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On justifying slavery

Summary

Albert J. Raboteau describes one rationale used right from the start, in the 1440s.

Summary

Albert J. Raboteau describes one rationale used right from the start, in the 1440s.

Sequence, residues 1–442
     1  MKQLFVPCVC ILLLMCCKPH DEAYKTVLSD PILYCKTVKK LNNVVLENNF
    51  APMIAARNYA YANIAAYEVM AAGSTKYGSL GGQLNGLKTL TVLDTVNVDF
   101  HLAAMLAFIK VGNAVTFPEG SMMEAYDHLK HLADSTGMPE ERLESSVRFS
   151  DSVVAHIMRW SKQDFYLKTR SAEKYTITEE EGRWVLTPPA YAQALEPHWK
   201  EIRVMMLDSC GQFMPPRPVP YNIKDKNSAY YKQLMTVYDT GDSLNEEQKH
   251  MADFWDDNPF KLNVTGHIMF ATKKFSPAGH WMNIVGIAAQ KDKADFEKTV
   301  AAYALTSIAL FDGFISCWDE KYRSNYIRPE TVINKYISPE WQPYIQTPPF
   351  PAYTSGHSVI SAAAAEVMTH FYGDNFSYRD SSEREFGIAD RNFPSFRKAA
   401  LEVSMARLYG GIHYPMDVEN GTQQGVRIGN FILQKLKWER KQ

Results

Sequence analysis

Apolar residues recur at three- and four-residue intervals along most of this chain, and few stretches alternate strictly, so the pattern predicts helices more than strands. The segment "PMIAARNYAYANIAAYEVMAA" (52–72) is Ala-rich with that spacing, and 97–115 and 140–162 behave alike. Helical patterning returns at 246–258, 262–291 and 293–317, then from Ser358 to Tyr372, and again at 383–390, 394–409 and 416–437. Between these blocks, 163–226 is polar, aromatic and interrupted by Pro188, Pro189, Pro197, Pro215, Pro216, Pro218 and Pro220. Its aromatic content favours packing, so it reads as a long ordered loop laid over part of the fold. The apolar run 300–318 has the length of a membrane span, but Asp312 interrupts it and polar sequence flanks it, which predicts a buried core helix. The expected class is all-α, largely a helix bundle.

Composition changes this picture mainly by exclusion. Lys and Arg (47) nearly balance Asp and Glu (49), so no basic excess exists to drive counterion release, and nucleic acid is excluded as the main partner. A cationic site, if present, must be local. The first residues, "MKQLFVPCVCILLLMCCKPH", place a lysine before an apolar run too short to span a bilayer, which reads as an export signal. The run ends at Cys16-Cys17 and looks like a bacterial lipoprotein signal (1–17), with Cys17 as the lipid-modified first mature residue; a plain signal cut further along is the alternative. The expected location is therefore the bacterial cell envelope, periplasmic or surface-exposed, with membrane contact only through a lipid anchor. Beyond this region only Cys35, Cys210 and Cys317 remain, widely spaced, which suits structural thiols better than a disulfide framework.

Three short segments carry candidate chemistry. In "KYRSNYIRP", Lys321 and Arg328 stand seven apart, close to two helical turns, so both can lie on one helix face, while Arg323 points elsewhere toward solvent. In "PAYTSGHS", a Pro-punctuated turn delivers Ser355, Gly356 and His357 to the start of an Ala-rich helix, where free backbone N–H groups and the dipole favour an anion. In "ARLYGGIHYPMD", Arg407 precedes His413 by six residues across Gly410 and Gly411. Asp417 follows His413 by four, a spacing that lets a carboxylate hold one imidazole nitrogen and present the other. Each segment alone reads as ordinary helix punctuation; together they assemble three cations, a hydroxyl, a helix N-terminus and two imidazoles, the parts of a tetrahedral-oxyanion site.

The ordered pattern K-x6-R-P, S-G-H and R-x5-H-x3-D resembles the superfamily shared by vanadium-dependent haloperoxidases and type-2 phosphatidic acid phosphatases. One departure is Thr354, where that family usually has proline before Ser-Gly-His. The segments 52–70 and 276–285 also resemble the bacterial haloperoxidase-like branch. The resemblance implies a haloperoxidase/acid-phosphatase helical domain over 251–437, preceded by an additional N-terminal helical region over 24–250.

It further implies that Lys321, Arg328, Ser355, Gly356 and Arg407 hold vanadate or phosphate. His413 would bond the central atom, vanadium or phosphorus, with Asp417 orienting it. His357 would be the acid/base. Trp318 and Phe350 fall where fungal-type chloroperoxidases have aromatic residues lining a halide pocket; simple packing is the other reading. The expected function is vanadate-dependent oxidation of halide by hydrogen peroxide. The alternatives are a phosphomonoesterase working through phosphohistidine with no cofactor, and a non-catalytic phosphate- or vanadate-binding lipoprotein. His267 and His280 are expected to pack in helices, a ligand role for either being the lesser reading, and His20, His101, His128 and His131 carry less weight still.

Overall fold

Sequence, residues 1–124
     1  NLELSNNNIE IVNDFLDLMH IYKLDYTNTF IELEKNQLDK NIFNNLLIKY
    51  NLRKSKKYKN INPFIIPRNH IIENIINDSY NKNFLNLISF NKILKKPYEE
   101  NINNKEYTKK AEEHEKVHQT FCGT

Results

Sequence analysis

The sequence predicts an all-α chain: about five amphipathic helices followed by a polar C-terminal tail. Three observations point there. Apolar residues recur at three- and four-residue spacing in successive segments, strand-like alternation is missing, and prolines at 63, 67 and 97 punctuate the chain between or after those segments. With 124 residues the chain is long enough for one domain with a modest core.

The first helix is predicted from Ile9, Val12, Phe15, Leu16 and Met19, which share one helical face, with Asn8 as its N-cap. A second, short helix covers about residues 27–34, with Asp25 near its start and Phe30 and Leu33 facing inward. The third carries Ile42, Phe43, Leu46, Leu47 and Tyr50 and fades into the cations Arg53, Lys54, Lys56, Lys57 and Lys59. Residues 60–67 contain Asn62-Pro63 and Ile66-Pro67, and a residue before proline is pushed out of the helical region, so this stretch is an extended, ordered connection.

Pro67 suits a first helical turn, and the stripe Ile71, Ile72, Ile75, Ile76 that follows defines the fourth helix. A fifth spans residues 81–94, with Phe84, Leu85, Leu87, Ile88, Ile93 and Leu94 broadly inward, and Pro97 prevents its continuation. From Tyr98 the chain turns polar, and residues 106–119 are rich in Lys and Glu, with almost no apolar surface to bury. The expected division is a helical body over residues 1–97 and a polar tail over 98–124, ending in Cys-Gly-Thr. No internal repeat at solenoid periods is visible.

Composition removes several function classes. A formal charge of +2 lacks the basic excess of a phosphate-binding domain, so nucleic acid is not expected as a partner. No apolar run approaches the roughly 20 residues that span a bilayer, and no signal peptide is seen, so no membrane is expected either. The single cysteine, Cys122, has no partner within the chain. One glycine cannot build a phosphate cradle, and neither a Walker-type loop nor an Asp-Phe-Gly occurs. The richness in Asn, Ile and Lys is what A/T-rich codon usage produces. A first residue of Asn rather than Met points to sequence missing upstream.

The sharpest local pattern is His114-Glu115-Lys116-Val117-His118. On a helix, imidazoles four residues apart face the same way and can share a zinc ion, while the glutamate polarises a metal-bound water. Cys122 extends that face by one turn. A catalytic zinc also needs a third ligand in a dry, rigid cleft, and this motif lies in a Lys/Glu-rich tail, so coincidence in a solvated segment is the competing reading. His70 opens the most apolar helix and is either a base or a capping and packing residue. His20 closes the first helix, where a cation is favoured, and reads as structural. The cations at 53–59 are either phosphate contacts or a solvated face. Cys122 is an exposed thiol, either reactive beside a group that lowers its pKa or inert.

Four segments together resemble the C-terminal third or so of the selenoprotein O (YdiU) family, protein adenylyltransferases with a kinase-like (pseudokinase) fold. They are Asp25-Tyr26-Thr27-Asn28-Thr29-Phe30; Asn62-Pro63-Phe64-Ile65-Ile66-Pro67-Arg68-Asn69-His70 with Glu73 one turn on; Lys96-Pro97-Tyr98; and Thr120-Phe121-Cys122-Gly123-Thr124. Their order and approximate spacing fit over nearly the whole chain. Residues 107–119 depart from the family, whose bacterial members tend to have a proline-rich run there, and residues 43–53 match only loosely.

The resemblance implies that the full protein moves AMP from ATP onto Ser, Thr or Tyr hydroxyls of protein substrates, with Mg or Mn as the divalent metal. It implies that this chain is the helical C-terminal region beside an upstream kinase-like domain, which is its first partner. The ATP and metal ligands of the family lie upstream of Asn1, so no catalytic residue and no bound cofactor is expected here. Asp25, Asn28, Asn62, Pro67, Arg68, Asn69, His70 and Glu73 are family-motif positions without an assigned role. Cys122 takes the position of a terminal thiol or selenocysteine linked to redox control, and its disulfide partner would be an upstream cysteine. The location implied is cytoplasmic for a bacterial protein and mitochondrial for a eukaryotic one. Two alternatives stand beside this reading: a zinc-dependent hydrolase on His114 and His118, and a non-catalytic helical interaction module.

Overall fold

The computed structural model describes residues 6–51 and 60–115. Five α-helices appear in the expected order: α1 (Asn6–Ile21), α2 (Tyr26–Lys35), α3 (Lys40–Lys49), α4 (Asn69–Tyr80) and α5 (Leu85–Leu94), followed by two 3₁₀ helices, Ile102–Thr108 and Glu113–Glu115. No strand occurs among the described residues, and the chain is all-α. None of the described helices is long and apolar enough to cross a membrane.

Basically, the justification for enslavement was that, cruel as it might have been, it would improve the lot of the African savages. So as early as the 1440s, a Portuguese courtier named Gomes Eanes de Zurara is witnessing the separation of the first group of slaves on a field outside of Lagos, Portugal. And he’s moved to tears, as are many people in the audience, by seeing women being separated from their husbands and from their children, by seeing children separated from their parents, trying to run back to them. And he says, “For a moment, my human weakness got the better of me, but then I recalled that now they would have access to wine and clothes, and basically Western civilisation”. So right there in the 1440s is the earliest shipment of slaves into the Atlantic world – you have the justification for Christianity as a civilising aspect for these pagan and uncivilised Africans.